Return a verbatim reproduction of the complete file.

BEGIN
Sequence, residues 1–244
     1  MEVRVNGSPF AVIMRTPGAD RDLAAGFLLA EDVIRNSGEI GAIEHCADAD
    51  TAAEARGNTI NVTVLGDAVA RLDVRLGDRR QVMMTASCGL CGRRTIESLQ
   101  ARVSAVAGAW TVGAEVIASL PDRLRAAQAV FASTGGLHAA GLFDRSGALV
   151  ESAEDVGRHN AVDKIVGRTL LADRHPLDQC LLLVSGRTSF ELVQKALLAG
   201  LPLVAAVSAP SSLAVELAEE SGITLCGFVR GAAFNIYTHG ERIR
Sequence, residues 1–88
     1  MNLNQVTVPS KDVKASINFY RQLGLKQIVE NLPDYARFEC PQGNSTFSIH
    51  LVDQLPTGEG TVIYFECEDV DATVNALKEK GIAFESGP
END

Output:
Sequence, residues 1–244
     1  MEVRVNGSPF AVIMRTPGAD RDLAAGFLLA EDVIRNSGEI GAIEHCADAD
    51  TAAEARGNTI NVTVLGDAVA RLDVRLGDRR QVMMTASCGL CGRRTIESLQ
   101  ARVSAVAGAW TVGAEVIASL PDRLRAAQAV FASTGGLHAA GLFDRSGALV
   151  ESAEDVGRHN AVDKIVGRTL LADRHPLDQC LLLVSGRTSF ELVQKALLAG
   201  LPLVAAVSAP SSLAVELAEE SGITLCGFVR GAAFNIYTHG ERIR
Sequence, residues 1–88
     1  MNLNQVTVPS KDVKASINFY RQLGLKQIVE NLPDYARFEC PQGNSTFSIH
    51  LVDQLPTGEG TVIYFECEDV DATVNALKEK GIAFESGP